Rhubarb by Kate Lynn Hibbard

It is my aim to break the prairie
one pie plant at a time, from behind the barn
in Sandusky to the side of this shack
outside of Aberdeen. Acid,
tonic, it asks for a bit of sweetness,
red-veined stalks oozing juice
that pools in the bottom of the pan.

It is my aim to make the most of our bounty
such as it is and prepare for the scarceness
we know must come
hidden in this wind that will never end,
to transform what is bitter.

For roasted rhubarb, peel as for pie
and put long pieces
in the graniteware baking dish,
the one that didn’t break
on the long ride from Ohio.
For two quarts rhubarb allow one
and a quarter cups sugar sprinkled over.
Bake until tender. No water is needed,
a very good thing where none
is to be had without carrying
from five miles off.

It is my aim to cure what can be cured
with the materials at hand. Astringent, aperient,

it soothes a baby’s stomach ache,
makes a good wash for scrofulous sores.

For pie, pour boiling water over it,
let stand until cold and reserve the water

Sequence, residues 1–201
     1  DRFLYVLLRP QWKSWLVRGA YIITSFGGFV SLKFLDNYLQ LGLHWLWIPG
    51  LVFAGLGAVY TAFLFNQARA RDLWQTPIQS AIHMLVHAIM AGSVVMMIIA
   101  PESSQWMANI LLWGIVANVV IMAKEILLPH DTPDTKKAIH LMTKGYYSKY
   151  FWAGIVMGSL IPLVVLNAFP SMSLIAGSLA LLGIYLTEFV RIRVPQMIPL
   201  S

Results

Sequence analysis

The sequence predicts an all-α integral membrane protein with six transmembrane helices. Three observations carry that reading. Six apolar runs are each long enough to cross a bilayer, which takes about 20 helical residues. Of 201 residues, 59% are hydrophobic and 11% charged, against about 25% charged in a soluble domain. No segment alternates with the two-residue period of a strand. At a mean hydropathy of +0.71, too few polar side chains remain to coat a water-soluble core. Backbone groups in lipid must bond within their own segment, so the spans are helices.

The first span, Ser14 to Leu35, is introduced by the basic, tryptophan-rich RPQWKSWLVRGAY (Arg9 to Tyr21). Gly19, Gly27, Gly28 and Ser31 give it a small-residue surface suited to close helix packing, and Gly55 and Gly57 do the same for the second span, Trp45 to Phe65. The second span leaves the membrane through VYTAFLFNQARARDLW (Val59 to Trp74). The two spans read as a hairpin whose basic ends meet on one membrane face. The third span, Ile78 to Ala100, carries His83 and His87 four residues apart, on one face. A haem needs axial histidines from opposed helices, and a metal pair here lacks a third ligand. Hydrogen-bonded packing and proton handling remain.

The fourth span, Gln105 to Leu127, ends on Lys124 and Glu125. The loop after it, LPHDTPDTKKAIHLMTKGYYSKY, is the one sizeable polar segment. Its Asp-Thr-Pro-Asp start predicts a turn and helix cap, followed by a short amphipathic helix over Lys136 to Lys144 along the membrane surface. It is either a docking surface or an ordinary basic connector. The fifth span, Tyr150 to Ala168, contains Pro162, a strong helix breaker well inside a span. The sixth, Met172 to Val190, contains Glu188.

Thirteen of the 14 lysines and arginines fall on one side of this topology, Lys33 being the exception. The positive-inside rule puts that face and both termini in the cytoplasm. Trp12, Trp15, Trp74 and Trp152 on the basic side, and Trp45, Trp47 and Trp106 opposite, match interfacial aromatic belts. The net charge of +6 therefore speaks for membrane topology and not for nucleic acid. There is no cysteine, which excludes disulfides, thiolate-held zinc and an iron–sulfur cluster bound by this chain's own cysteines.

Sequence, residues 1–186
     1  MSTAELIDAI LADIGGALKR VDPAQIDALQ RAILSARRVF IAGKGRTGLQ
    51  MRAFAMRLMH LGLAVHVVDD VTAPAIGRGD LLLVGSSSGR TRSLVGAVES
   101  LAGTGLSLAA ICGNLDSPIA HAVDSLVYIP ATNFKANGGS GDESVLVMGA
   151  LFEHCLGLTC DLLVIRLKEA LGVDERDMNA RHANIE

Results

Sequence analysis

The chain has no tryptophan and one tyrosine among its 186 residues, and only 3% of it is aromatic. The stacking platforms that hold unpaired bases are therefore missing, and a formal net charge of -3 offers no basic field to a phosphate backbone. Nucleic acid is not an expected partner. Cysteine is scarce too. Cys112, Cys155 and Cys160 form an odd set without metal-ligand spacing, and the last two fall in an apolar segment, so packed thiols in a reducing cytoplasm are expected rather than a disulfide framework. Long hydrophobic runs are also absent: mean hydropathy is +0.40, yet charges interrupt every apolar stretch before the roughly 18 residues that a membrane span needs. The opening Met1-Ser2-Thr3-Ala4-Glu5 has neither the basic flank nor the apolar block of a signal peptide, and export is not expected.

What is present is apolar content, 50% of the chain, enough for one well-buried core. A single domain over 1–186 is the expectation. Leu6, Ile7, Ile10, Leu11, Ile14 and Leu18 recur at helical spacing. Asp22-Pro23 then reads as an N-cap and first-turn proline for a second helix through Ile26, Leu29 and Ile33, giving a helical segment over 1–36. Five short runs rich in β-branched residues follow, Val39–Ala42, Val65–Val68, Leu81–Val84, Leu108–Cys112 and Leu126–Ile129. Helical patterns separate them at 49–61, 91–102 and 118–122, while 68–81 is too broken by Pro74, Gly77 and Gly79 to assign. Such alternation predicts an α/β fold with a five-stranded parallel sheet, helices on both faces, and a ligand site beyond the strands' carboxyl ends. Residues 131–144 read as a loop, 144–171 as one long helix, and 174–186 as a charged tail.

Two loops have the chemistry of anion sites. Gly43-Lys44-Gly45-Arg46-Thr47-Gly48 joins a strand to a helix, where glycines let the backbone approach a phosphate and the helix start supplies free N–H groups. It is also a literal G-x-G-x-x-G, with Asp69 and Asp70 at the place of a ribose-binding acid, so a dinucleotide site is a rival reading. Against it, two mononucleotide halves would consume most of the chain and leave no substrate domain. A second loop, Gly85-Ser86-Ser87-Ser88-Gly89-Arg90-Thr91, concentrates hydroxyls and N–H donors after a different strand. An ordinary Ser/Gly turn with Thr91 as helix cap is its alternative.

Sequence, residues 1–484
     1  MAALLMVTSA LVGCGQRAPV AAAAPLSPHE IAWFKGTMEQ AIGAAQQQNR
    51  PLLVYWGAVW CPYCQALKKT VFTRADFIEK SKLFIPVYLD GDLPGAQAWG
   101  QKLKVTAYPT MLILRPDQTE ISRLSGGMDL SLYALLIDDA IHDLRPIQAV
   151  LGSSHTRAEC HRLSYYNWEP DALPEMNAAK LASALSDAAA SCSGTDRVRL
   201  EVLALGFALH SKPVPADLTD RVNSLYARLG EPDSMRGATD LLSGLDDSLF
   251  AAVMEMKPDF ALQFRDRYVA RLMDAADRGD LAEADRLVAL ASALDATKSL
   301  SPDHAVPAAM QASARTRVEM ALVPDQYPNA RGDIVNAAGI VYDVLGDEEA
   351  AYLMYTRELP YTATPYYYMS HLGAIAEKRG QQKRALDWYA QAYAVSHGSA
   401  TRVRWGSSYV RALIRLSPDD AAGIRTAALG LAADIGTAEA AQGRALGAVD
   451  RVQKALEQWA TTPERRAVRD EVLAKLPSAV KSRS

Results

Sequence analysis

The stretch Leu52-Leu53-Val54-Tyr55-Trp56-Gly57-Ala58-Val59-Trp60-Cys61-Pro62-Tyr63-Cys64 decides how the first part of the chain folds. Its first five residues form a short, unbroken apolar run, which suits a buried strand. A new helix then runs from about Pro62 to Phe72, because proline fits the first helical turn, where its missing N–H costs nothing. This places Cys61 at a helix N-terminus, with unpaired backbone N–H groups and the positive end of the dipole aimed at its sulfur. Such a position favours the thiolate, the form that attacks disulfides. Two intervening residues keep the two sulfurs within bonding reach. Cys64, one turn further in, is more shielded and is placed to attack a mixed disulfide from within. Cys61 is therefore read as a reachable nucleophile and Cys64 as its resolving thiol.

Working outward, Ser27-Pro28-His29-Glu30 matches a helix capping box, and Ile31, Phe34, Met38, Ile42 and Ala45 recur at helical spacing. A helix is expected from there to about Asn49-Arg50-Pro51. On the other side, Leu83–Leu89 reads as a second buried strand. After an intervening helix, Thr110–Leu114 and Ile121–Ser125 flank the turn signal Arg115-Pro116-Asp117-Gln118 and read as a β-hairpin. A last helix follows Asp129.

for lemonade made without lemons.
Blanching removes some bitterness
and allows the use of sorghum
where sugar is dear.

It is my aim to remove whatever stains.
Take half a stalk, mince it up and add a cup
of water. Boil and cool and dab the juice
on the stained blouse or what have you with a brush.
Rinse under warm water and launder as usual,
or what passes for usual in these parts.

Over time, the crowns get crowded,
and must be divided every five years,
so by the time you’ve proved your claim
you may take some along
to the new place. If good roots are set out,
by the second spring it will be just
in its prime, it will thrive
in new ground, its crinkled leaves
heart-shaped and deadly,
broad as the palms laid before
the Virgin Mary. Pass it on
as you go further west, that all may know
a woman’s hand was here, and here, and here.